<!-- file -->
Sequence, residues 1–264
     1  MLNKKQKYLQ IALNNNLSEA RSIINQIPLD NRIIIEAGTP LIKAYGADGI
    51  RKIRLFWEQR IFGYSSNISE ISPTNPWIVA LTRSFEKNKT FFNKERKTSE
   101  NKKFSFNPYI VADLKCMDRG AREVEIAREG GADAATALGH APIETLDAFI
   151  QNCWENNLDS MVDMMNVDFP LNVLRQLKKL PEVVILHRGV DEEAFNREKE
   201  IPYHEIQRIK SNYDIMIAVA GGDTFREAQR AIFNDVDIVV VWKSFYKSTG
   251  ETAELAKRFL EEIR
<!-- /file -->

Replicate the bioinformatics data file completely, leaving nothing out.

Sequence, residues 1–264
     1  MLNKKQKYLQ IALNNNLSEA RSIINQIPLD NRIIIEAGTP LIKAYGADGI
    51  RKIRLFWEQR IFGYSSNISE ISPTNPWIVA LTRSFEKNKT FFNKERKTSE
   101  NKKFSFNPYI VADLKCMDRG AREVEIAREG GADAATALGH APIETLDAFI
   151  QNCWENNLDS MVDMMNVDFP LNVLRQLKKL PEVVILHRGV DEEAFNREKE
   201  IPYHEIQRIK SNYDIMIAVA GGDTFREAQR AIFNDVDIVV VWKSFYKSTG
   251  ETAELAKRFL EEIR